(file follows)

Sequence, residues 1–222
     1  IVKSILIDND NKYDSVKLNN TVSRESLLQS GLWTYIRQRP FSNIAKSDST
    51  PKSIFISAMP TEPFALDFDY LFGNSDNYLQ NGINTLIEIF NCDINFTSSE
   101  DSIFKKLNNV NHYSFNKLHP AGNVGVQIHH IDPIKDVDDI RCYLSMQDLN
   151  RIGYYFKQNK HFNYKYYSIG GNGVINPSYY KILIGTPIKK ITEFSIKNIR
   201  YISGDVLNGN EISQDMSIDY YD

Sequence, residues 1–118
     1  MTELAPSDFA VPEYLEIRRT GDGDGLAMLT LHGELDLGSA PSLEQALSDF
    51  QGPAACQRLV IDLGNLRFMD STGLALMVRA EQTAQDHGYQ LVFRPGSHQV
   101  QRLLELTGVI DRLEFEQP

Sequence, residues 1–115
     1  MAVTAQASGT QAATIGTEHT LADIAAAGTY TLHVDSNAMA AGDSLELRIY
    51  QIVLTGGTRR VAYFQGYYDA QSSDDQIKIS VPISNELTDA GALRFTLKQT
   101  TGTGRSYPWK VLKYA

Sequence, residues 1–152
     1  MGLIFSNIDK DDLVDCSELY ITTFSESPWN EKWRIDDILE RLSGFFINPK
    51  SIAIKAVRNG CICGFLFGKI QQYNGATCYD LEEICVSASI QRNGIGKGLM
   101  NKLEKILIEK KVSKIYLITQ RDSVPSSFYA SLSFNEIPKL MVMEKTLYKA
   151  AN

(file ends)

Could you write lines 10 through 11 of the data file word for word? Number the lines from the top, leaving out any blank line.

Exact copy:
   101  QRLLELTGVI DRLEFEQP

Sequence, residues 1–115